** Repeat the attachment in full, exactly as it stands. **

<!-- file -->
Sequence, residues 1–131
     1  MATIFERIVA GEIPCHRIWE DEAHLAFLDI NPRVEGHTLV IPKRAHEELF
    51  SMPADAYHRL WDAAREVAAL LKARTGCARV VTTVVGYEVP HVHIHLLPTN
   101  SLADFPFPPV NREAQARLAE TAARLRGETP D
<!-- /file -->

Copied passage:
Sequence, residues 1–131
     1  MATIFERIVA GEIPCHRIWE DEAHLAFLDI NPRVEGHTLV IPKRAHEELF
    51  SMPADAYHRL WDAAREVAAL LKARTGCARV VTTVVGYEVP HVHIHLLPTN
   101  SLADFPFPPV NREAQARLAE TAARLRGETP D